2nd day of deliberations underway in Jamal Smith trial
MINNEAPOLIS -- More than 10 hours of deliberations thus far is still not enough for a jury to reach a verdict in the trial for Jamal Smith, the man accused of gunning down youth baseball coach Jay Boughton.
In a note to Judge Nicole Engisch Wednesday afternoon, the jury signaled it had reached a consensus on two of three counts levied against Smith, but members were "not sure" they could reach a consensus on the murder charge. The jurors then asked the judge what would happen to the other counts if the 12-member jury could not come to a unanimous decision.
"It is not unusual to not reach a consensus at this point," the judge responded, adding how "it's difficult to get 12 people to agree on anything."
She then instructed the jury to return to its deliberation room and continue its discussions.
According to investigators, Smith allegedly shot Jay Boughton on July 6, 2021 , after the drivers had an altercation on Highway 169 in Plymouth. In the days following the incident, the police chief called the shooting "one of the most tragic events" he's witnessed in his 20 years of policing.
"The point he made was 'He will not disrespect me,'" Prosecuting Attorney Dan Allard said of Smith in his closing statement. "So he pulls out a gun, aims, and kills a man. The science shows you it had to be a shot from the front seat...this is what the science says, and this shows you the defendant fired the shot."
Prosecutors called more than 30 witnesses and shared more than 100 exhibits over the course of the seven-day trial which began on July 11. Smith has been charged with three crimes: murder, aiding and abetting a murder, and illegally possessing a weapon.
Recapping the week-long trial
From the outset, prosecutors described Smith as ticked off when Boughton honked and then gestured at his driving. The defense maintained there was no way he could drive and shoot, and implied it was someone else in the car who opened fire.
Following the opening statements, the prosecution called its first witness -- the victim's wife of 17 years, Kristin Boughton, who tearfully recalled her experience the night her husband was killed.
"This has been the most painful experience of our lives," she lamented, adding that Monday, July 11, would've been Jay's 58th birthday.
The victim's 16-year-old son, Harrison Boughton, was also called to the stand. He was in the vehicle at the time of the shooting. Prosecutors plan to seek a stiffer sentence, in part because the boy witnessed it. The shooting happened as Jay Boughton drove his son home from a baseball game.
Harrison Boughton said the other car was "driving fast, getting close enough to make us swerve out of the way." He said his dad beeped his horn and "flipped off" the driver of that vehicle. Moments later he heard noise, glass breaking, and saw a circle in the window. Their vehicle crashed and he called 911.
Prosecutors also presented audio of Harrison Boughton's frantic 911 call.
Subsequent testimony had come almost exclusively from law enforcement, plus other experts to testify about gun residue and other forensic evidence, including cell phone tower readings and social media sleuthing. A key exception was Smith's girlfriend, Rondelle Hardin, who reluctantly took the stand on day 3 of the trial.
Her testimony connected some important dots, including how she's the reason Smith came to Minnesota from Decatur, Illinois. She also testified that she remembers Smith getting out of the driver's seat of the SUV that was identified by police as the suspect's vehicle.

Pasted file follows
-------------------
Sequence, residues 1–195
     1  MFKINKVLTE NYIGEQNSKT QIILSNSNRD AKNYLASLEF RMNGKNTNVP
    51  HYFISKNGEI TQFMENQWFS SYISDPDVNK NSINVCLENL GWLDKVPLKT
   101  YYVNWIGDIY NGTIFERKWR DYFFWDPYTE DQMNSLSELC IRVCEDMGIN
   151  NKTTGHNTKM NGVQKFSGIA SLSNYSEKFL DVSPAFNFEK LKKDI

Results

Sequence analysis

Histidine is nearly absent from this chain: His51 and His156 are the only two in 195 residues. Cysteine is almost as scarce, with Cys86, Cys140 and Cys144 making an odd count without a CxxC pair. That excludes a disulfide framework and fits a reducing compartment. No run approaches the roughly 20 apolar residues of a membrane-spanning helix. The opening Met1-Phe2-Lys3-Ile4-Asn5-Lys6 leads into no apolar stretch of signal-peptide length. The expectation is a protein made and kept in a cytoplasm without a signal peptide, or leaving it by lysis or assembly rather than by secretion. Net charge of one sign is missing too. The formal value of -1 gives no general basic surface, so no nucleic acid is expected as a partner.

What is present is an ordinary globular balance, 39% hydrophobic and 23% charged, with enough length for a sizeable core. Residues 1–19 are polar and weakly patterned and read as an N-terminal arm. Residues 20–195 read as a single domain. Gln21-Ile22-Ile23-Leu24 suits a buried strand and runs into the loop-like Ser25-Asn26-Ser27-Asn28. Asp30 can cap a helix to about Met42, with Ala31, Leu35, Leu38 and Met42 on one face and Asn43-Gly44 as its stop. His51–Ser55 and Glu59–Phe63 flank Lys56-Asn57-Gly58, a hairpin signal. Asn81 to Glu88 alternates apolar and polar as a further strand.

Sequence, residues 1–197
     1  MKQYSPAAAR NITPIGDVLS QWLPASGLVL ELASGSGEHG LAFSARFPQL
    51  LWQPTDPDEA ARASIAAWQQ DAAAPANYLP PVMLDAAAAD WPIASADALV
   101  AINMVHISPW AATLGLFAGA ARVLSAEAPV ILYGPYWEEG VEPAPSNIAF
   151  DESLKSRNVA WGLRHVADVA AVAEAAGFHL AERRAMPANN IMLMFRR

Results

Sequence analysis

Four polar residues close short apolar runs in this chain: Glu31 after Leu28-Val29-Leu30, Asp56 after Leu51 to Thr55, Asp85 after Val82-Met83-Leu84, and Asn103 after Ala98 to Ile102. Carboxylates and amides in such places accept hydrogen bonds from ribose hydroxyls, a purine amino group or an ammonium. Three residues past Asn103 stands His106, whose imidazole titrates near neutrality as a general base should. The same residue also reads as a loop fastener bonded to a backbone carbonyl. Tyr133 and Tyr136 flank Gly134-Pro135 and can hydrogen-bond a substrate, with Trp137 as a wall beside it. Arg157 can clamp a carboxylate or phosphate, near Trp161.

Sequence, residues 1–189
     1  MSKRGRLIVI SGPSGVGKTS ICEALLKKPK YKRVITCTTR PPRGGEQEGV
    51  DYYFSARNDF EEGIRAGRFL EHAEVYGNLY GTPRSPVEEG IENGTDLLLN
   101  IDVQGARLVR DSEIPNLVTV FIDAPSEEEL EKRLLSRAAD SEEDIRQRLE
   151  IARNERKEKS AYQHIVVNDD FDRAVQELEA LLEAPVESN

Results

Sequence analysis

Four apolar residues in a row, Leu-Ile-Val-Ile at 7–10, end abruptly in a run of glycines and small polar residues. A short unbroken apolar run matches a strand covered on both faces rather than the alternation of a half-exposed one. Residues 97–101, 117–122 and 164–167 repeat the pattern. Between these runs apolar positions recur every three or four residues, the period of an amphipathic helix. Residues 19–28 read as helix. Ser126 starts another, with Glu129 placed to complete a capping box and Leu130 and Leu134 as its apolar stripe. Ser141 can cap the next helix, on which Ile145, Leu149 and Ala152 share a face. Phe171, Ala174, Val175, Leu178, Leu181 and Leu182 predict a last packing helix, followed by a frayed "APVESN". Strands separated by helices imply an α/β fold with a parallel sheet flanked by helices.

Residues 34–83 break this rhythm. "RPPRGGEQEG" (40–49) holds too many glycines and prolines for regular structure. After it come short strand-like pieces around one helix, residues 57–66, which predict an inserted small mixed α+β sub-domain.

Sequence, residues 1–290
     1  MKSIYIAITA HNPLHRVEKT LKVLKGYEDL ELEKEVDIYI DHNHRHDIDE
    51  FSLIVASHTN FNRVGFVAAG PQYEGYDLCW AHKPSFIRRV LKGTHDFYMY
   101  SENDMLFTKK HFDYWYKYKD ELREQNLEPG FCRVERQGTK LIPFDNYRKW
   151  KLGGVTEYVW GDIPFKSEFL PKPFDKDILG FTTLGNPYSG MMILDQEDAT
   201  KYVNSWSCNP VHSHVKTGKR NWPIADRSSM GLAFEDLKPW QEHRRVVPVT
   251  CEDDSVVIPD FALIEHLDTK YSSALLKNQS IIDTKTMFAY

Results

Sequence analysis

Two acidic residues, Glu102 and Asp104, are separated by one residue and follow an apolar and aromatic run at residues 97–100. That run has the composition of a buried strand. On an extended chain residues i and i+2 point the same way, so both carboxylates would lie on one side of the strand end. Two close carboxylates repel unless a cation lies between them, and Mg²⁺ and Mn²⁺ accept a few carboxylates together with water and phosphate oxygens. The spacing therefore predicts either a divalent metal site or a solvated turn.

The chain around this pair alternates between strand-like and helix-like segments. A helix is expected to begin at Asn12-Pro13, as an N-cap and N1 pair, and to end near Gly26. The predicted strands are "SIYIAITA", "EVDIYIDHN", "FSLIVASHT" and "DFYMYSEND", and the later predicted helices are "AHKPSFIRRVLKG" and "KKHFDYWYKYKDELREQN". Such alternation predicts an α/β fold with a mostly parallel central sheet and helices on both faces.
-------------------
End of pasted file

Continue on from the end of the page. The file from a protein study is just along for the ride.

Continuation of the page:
Prosecutors also showed jurors Facebook videos Wednesday of Smith holding a weapon that investigators traced to the shooting.
Hardin, however, also testified about two other people in the car, and the defense noted that they also had weapons. Smith's defense team then won a critical concession from the judge; a ruling that opened the door for him to pursue an "alternative perpetrator" defense.
In an order released Thursday morning, Engisch ruled that evidence of a picture showing Brandon Smothers, another passenger in the suspect's vehicle, holding a weapon is admissible. Also allowed is evidence of text messages being sent and received on Smothers' phone on the night of the alleged attack, but not the messages themselves.
"All defendants of a crime have the constitutional right to present a complete defense," Engisch wrote. "The state has argued strenuously that while [Smothers] was holding a firearm, it was not the murder firearm. The jury could well disregard Defendant's evidence or Defendant's theory that [Smothers] is the shooter. It is, however, inappropriate for this court to assess the credibility of the proffered alternative perpetrator evidence when ruling on its admission..."
One thing that helped investigators close in on Smith as their suspect was a Facebook Live broadcast that showed Smith wearing similar clothes and carrying a similar handbag to one shown on surveillance video posted shortly after the shooting. The Facebook Live broadcast also showed Smith brandishing a semi-automatic handgun, from which authorities were able to determine a serial number.
The photo of Smothers, taken on July 7, shows him holding a similar looking weapon.
"What we have heard for the better part of a week is not evidence," Emmett Donnelly, one of Smith's two defense attorneys, told the jury during Tuesday's closing arguments. "What we have heard for the better part of a week is attacking Jamal personally... The personal attack is not evidence in this case."
Smith, himself, took the stand - under oath - on Monday, and for the first time specifically claimed Smothers was responsible for the shooting.
"I am not asking you to infer anything. I'm asking you to look at the actual evidence. Period," Donnelly asserted. "The evidence speaks that Jamal Smith is not the shooter. The driver is not the shooter."
Deliberations will resume at 9 a.m. Wednesday.